There were several papers, and a book, that followed but Sunil Gupta and Donald Lehmann had a really interesting 2003 piece in the Journal of Interactive Marketing. This was about treating customers as assets. Much of the best ideas in this field are already on show there in this early paper.
Marketing And Firm Value
An explicit focus of this paper is linking the value of customers with firm value. If we think of customer (relationships) as assets the linkage seems obvious. Still it can be hard to show the link. The authors thus developed ways to translate data about customers into some sort of value of the customers as a whole. This paper is in the tradition of linking marketing to Wall Street. (More so, to my mind, than linking marketing to strategic management in the firm).
Where Did They Go For Their Base Models?
Much of the original work they were building on was from direct marketing.
..the concept and models of customer lifetime value originated in the field of direct and database marketing….Gupta and Lehmann, 2003, page 10
The authors suggest that the idea had somewhat got stuck there which seems reasonable to me.
While this is of great value to database marketing professionals, it appears to be of limited value to senior managers who are concerned with strategic decisions, or investors who do not have access to internal company data.Gupta and Lehmann, 2003, page 10
To allow for wider usage the authors suggest a formula which can be used with limited data.
Assumptions In The Formula
One of the things I appreciate in this work is that the assumptions are so clearly laid out. The formula assumes constant average margins, and constant retention. The authors cleverly get away from assuming the length of the relationship by using an infinite life model. In this retention and discounting mean that the far future becomes largely insignificant.
Later criticisms have argued that this formula is wrong. While the assumption of constant margins doesn’t fit with a lot of reality the criticism seems a little unfair to my mind. The formula is what it is. Gupta and Lehmann say CLV has not been used much as it is too complex. They are simplifying with a model. The simplifications may not work in a lot of situations but they are trying to address a serious problem. I still think treating customers as assets hasn’t broken through as much as it should have. I would argue this remains because the mechanics are often too complex and the arguments too esoteric. (As well as contradictory ideas all being listed under the CLV banner). This paper is a brave attempt to tackle a serious problem in a relatively practical way.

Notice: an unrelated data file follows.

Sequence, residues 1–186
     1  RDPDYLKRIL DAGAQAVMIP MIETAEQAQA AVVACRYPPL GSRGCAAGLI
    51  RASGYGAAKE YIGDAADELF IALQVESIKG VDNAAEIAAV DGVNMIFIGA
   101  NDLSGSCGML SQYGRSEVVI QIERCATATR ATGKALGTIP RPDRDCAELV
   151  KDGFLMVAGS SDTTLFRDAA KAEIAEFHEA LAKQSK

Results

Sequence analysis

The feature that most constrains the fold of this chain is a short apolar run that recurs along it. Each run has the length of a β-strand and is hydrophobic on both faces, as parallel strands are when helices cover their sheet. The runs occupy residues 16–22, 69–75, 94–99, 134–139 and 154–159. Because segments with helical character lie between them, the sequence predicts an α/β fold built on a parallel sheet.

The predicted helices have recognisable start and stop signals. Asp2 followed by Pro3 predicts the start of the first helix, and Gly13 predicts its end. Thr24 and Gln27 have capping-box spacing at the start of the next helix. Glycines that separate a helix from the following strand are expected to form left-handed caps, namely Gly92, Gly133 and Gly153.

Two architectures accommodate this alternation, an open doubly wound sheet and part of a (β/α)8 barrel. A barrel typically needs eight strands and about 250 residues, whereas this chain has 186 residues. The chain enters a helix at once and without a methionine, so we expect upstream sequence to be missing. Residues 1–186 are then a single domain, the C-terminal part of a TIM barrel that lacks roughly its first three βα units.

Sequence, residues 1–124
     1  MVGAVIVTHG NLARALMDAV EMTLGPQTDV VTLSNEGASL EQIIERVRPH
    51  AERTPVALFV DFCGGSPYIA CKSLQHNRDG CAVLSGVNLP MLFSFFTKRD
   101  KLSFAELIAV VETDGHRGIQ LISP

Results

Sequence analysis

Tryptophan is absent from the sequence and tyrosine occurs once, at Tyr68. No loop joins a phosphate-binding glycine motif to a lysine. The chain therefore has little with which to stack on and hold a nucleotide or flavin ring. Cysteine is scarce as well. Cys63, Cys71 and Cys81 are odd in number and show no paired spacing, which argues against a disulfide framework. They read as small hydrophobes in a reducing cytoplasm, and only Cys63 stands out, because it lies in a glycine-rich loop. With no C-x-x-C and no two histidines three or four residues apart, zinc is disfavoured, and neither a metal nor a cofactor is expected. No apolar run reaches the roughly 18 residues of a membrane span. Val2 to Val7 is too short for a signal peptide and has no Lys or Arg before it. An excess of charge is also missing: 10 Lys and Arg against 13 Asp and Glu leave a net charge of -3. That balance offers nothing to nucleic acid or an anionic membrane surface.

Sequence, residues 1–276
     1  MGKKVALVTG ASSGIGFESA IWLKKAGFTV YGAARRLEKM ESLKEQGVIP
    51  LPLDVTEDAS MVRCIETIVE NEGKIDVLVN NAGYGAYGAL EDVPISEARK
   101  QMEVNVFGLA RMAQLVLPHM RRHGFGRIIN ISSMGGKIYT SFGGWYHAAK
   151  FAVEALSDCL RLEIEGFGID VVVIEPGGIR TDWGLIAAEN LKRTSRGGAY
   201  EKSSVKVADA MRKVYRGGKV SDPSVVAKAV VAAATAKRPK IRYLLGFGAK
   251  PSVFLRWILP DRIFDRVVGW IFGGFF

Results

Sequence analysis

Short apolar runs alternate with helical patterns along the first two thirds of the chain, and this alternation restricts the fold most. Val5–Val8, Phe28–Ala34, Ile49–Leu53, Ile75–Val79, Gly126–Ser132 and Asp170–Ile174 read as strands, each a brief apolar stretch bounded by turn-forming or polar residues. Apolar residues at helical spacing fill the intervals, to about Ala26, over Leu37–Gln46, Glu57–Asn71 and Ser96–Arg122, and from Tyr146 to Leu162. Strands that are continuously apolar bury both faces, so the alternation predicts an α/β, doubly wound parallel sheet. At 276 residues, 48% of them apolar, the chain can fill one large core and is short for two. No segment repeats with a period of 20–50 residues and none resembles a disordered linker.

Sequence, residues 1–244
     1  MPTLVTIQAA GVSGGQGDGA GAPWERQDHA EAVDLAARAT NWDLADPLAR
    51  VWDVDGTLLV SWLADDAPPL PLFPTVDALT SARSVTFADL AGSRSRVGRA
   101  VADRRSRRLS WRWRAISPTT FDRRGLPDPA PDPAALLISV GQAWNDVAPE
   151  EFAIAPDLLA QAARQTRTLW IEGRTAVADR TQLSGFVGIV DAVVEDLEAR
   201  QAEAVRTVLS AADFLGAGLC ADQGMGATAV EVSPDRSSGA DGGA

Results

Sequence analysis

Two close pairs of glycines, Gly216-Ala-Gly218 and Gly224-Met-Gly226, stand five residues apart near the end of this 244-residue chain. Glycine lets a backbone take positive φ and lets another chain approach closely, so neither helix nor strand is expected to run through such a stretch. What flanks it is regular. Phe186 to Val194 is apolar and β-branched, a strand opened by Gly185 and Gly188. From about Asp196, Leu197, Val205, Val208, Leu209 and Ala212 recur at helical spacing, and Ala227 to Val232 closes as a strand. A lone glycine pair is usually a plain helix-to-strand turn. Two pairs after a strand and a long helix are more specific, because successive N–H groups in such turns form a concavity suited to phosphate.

The authors have practical ideas on how to look at the value of firms through their customers. They developed these further in later work and there are things that aren’t perfect yet still this is impressive stuff.
Treating Customers As Assets: Acquisition Costs
As ever on CLV I would note that if you are looking at customers as an asset you shouldn’t subtract acquisition costs from the value of CLV before reporting it. This is a confusing issue in a lot of the later literature. Still I would note that Gupta and Lehmann seem to have got it right first time. (Things get messier later in their work. I don’t know but I would guess they always knew what they were doing but maybe they were bullied later by reviewers into doing things that didn’t make sense).
The formulas they present do not refer to acquisition costs although sometimes what is meant by marketing costs can be hazy. Here we are lucky as the intent of the authors is clear. We can conclude that Gupta and Lehmann meant CLV to be before subtracting acquisition costs given what they write.
However, common sense suggests that to acquire a customer, a company should not spend more than the lifetime value of that customer.Gupta and Lehmann, 2003, page 14
Therefore, our best estimate of its customer lifetime value is $961.48, significantly above its acquisition costs of $391.Gupta and Lehmann, 2003, page 15
Neither of these sentences make sense if you subtract acquisition costs before reporting CLV. Comparing a number net of acquisition costs with acquisition costs would be a completely meaningless comparison.
Gupta and Lehmann got us off to a great start. Sadly it has been a bit two steps forward one step back since.
For more on CLV see here.
Read: Sunil Gupta and Donald R. Lehmann (2003) Customers As Assets, Journal of Interactive Marketing, 17 (1) pages 9-24